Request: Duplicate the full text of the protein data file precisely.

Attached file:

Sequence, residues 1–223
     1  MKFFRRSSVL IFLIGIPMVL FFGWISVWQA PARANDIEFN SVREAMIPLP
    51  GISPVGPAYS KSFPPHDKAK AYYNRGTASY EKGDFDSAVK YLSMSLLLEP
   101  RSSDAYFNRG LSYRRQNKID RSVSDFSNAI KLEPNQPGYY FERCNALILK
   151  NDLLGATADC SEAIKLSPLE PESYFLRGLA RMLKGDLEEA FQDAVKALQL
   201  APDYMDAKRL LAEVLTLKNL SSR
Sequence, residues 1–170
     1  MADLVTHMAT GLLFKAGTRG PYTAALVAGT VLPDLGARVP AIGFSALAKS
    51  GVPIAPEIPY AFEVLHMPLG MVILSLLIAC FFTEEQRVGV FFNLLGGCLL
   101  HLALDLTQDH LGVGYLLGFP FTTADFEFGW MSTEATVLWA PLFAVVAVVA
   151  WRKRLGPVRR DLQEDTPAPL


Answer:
Sequence, residues 1–223
     1  MKFFRRSSVL IFLIGIPMVL FFGWISVWQA PARANDIEFN SVREAMIPLP
    51  GISPVGPAYS KSFPPHDKAK AYYNRGTASY EKGDFDSAVK YLSMSLLLEP
   101  RSSDAYFNRG LSYRRQNKID RSVSDFSNAI KLEPNQPGYY FERCNALILK
   151  NDLLGATADC SEAIKLSPLE PESYFLRGLA RMLKGDLEEA FQDAVKALQL
   201  APDYMDAKRL LAEVLTLKNL SSR
Sequence, residues 1–170
     1  MADLVTHMAT GLLFKAGTRG PYTAALVAGT VLPDLGARVP AIGFSALAKS
    51  GVPIAPEIPY AFEVLHMPLG MVILSLLIAC FFTEEQRVGV FFNLLGGCLL
   101  HLALDLTQDH LGVGYLLGFP FTTADFEFGW MSTEATVLWA PLFAVVAVVA
   151  WRKRLGPVRR DLQEDTPAPL